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Ejecting the Core?

Culshawresized.JPGYou don't know what you've got till it's gone, say Martin Culshaw and Mick Lee.

Geoscientist 21.10 November 2011

In January 2009 we expressed concerns regarding the core ‘national survey’ mission of the British Geological Survey (BGS - Geoscientist 19.1, p17). Recent developments have reinforced these concerns.

Public expenditure is being squeezed and, inevitably, BGS has to cut its science programme. Core activities of BGS are being merged with those of other NERC institutes into a single ‘National Capability’ programme - with a much-reduced budget. The main focus of cuts in BGS will be in baseline onshore geological and geochemical mapping and in data management. BGS acknowledges this will affect the quality of information it provides but claims that the geological map coverage of Britain is now ‘fit for purpose’.

BGS had indeed planned to upgrade baseline geological coverage to an acceptable standard (fit for modern applications) for all of England, Wales and Scotland by 2011. However, erosion of funds for mapping, even before the latest cuts, caused that target to be missed, in spite of many efficiency gains through new technology. In reality, most professional geologists would judge at least 20% of the coverage still to be of inadequate quality for the modern age. Some is based on desk compilation of archive material; superficial deposits are often not mapped to modern standards; and coverage of some urban areas needs updating to include artificial deposits.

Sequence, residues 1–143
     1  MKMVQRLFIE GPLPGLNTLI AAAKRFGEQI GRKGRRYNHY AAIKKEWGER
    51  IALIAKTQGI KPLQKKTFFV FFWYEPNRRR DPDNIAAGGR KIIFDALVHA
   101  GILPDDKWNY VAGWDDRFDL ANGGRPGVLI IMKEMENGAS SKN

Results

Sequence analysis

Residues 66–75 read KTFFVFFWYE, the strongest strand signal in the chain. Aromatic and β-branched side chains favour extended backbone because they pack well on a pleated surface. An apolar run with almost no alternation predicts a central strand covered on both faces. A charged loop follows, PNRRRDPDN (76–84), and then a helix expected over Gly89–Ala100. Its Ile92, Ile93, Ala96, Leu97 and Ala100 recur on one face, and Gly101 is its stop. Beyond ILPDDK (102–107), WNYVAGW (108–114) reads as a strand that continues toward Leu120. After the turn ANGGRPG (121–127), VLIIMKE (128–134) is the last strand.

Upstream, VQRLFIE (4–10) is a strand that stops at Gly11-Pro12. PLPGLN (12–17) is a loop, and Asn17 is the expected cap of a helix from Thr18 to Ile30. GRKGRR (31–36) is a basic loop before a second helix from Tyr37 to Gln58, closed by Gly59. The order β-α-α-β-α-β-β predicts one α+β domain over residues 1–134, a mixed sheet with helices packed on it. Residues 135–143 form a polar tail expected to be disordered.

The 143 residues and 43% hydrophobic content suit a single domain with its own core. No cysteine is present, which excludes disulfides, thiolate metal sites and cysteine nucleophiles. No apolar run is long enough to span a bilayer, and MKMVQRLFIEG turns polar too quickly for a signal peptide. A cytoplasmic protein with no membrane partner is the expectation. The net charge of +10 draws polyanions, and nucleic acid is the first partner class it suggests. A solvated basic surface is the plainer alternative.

Lee Mikeresized.jpgAfter 2011 the ‘onshore mapping programme’ was to move from ‘systematic’ to ‘responsive’ mode, whereby the geological information in each area would be upgraded using a combination of fieldwork and advanced digital methods only in response to specific development needs or research priorities. We have no quarrel with this – indeed we were party to the plan. A further aspiration is to deliver a “multi-scaled 3D geological framework model of the UK”1. However, both objectives are predicated on two things: an adequate starting point (a 2D digital geological map of high and consistent standard); and sufficient on-going funding for responsive revision to keep the geological database refreshed.

In the 1980s BGS was (rightly) criticised for not fulfilling its primary function of providing up-to-date geological maps. This situation has since been turned around through major initiatives in mapping, digital technology and digital data delivery. The user community was critical in 1990 and remains so today. The BGS Board has been abolished, depriving BGS of direct advice on priorities and scrutiny by eminent non-executive directors. The incorporation of the core ‘national survey’ mission into a NERC-wide National Capability programme further distances core activities from users.

All public organisations must change. But even in straitened times priority choices remain. We urge users of BGS information from industry, academia and government to engage with BGS/NERC to reinforce the need for up-to-date baseline geological information (sensu lato, including geochemical, geophysical and geotechnical data onshore and offshore). If the arguments are not heard as loudly as those for other areas of NERC science, then those making difficult decisions on funding priorities will assume that up-to-date baseline information is not important, and the core function of the BGS will be emasculated.

  1. BGS strategy document 2009-14